Opponents of the legal recognition of same-sex “marriage” have often argued that once you base the meaning of marriage solely on if consenting adults are involved, you could open the door for polygamy.

Now, thanks to a new court ruling out of Utah, the movement to allow for polygamy may have gained some steam.

To be specific, “A judge in the U.S. District Court of Utah, invalidated a portion of the state law that prohibits bigamy, essentially decriminalizing polygamy in the process.” (See pg. 2 news)

The particular case relates to Kody Brown and his four “wives,” who claim their religious beliefs should allow for a polyamorous (i.e. multiple people) arrangement. To make matters more bizarre, this menagerie of people was featured on a reality TV show called “Sister Wives” recently.

Yet the implications of this court ruling extend far beyond one so-called family and an inappropriate TV show. Indeed, we are witnessing a social revolution in which the bedrock institution of marriage and family is being reinvented and re-defined.

Scenarios that seemed too far-fetched ever to be normalized in America are gaining more acceptance. For example, a new Gallup poll taken in July, 2013 shows that a majority (55 percent) of adults nationwide favor legal recognition of same-sex “marriage.” That same poll showed the opposite just three  short years ago.

When people buy into a lie (“As long as it’s consenting adults, it’s OK.”), we should not be surprised to see a multitude of distortions of relationships crop up, whether it’s polygamy or legalized prostitution or the like.

As the meaning of marriage continues to warp, it is incumbent on Christians to cling to the unchanging ways of God. It is also important to remind ourselves that First Century Christians faced eerily similar challenges to God’s standards for marriage.

The Bible is clear on marriage. In the Old Testament, God strongly speaks against  straying from His plan for marriage, including a warning against polygamy in Deut. 17. There were godly men whose lives were ruined by multiplying wives (e.g. Solomon).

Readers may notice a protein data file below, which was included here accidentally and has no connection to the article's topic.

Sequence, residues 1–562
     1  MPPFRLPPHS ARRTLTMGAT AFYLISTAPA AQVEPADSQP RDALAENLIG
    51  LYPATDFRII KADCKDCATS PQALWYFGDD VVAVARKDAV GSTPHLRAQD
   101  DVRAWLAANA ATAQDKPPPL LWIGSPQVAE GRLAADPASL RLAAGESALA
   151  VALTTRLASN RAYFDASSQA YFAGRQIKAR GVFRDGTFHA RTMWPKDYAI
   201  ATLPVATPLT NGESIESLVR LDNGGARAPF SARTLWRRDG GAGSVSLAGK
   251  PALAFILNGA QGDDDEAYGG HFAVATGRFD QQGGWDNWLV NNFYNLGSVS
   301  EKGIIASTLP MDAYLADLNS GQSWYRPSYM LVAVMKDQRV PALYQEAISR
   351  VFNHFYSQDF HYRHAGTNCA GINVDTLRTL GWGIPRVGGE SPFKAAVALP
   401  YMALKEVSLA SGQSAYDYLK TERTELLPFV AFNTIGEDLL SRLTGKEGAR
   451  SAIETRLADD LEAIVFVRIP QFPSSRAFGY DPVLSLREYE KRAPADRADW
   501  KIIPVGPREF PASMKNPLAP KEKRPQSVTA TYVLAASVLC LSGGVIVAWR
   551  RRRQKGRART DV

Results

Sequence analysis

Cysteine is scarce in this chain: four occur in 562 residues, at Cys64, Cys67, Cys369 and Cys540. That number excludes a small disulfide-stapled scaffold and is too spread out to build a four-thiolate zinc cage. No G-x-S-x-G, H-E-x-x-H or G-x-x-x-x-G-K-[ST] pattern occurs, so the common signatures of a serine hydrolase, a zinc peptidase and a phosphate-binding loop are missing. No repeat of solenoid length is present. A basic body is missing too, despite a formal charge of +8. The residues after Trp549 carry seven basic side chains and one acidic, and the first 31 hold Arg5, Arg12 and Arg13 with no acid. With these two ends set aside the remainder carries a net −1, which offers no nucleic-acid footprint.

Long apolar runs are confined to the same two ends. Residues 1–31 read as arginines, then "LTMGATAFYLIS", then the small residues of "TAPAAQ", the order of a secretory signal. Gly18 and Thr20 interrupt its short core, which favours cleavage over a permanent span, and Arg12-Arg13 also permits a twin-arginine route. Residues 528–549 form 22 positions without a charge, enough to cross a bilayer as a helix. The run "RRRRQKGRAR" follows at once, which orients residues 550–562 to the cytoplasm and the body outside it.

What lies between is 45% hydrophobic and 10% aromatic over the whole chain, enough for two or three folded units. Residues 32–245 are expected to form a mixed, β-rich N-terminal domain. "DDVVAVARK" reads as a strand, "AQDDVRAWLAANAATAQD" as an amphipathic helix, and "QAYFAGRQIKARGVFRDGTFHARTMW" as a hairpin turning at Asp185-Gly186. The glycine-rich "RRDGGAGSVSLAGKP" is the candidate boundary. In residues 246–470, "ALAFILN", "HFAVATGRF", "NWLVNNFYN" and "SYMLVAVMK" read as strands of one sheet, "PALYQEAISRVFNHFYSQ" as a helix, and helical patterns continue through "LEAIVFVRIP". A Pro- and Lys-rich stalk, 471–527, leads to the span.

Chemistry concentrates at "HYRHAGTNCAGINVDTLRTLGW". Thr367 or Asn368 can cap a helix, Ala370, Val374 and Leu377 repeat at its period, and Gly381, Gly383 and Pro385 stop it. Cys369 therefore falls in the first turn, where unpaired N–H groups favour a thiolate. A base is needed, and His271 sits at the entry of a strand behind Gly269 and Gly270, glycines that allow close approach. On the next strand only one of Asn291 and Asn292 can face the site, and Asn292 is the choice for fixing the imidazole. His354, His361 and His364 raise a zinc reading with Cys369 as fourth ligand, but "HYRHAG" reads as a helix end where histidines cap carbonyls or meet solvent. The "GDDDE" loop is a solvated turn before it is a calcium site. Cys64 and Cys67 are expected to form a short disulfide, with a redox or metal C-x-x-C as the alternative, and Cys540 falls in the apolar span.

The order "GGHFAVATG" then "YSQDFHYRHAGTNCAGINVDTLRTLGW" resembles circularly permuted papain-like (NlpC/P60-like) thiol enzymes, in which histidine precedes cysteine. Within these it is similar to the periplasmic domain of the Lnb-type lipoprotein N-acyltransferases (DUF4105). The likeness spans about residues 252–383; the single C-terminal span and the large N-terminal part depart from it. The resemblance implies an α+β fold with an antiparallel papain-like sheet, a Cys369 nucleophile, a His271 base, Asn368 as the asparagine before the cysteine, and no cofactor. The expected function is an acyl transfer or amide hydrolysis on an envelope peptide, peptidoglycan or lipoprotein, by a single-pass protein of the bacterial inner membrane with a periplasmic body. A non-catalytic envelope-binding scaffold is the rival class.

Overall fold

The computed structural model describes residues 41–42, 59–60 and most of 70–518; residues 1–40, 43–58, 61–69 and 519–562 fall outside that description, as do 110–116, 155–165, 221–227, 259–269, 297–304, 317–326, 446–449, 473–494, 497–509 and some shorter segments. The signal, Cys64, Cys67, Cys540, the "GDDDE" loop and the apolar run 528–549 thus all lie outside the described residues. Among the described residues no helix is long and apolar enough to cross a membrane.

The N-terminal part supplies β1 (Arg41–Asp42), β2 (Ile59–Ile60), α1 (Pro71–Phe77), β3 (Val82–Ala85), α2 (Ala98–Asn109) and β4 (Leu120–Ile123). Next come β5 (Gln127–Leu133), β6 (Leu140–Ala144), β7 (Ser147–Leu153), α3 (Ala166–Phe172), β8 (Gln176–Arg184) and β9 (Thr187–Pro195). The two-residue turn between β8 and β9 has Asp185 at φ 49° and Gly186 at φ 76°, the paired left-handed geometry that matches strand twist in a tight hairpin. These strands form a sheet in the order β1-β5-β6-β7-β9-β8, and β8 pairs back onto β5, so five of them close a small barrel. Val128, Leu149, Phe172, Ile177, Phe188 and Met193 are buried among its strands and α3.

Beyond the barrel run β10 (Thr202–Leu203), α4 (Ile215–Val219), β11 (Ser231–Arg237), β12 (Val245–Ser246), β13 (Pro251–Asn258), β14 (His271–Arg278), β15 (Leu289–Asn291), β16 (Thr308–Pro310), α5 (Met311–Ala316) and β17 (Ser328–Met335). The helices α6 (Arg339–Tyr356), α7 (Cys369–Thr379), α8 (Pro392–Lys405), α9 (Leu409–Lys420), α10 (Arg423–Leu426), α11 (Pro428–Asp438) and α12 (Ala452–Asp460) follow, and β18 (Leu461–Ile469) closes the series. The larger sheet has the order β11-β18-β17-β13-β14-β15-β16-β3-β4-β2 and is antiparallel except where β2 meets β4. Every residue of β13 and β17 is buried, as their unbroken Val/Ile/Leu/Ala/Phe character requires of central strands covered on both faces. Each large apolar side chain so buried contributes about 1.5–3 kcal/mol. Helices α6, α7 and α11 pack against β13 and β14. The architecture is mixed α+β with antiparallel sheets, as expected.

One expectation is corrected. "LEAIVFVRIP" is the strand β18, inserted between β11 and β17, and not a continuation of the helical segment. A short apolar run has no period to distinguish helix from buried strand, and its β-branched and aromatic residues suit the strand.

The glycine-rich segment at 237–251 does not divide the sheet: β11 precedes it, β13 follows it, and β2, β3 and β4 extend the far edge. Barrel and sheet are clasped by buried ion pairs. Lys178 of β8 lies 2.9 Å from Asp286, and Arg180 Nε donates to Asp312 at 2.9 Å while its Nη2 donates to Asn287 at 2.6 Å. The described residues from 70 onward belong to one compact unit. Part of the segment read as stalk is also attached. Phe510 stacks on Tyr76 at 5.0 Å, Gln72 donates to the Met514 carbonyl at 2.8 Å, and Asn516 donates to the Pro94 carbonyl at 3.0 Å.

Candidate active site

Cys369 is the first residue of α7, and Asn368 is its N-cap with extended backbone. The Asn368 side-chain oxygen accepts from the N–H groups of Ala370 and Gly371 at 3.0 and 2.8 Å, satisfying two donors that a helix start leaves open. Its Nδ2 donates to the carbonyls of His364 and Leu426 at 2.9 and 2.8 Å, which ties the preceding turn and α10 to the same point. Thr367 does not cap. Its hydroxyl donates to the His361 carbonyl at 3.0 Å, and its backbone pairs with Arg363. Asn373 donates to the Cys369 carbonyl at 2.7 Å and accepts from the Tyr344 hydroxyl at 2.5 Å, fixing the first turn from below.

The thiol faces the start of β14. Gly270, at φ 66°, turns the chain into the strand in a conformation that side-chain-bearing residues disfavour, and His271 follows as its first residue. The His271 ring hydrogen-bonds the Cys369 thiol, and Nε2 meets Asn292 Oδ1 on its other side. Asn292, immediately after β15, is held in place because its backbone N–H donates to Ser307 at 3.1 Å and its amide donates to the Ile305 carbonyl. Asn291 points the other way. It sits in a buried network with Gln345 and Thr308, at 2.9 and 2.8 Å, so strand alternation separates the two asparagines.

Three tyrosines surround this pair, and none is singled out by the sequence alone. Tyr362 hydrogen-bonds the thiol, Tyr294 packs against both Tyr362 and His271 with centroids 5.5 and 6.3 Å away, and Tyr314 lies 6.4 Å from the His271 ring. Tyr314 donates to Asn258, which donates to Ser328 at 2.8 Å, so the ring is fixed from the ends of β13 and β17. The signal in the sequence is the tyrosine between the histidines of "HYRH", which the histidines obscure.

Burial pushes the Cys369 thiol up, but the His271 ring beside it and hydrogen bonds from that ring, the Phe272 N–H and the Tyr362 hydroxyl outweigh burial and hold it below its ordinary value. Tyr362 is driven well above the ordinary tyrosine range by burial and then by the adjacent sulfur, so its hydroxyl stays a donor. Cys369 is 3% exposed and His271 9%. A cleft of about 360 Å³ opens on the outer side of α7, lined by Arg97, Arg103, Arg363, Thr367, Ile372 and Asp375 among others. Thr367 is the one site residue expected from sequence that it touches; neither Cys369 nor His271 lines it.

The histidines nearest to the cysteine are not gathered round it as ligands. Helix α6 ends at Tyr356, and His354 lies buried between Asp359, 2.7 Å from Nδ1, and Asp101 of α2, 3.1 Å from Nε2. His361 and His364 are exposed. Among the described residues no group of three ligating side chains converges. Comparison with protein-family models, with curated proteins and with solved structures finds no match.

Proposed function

In the New Testament, Jesus Himself, speaking to a day and age that had perverted marriage, spoke clearly on the matter. “‘Haven’t you read,’ He replied, ‘that He Who created them in the beginning made them male and female,’ and He also said: ‘For this reason a man will leave his father and mother and be joined to his wife, and the two will become one flesh?’” (Matt. 19:4-5). The Apostle Paul reiterated the standard of monogamy and marital faithfulness for deacons in 1 Tim. 3, and by implication all Christians.

While proponents of changing the meaning of marriage may have us think such changes could be a smooth transition, social science shows that the farther you get from the standard of one man and one woman joined for life, the worse it is for children. The Centre for Social Justice documented that family breakdown is one of the leading indicators of the pathway to poverty.

The battle for the future of marriage and the road to recovery will not, however, be best won at the courthouse. It will be best won at the church house, where God’s people increasingly show society, through example, what marriage ought to be. Only when the watching world sees our lives align with our words will they sit up and listen, realizing that God’s way is the best way after all.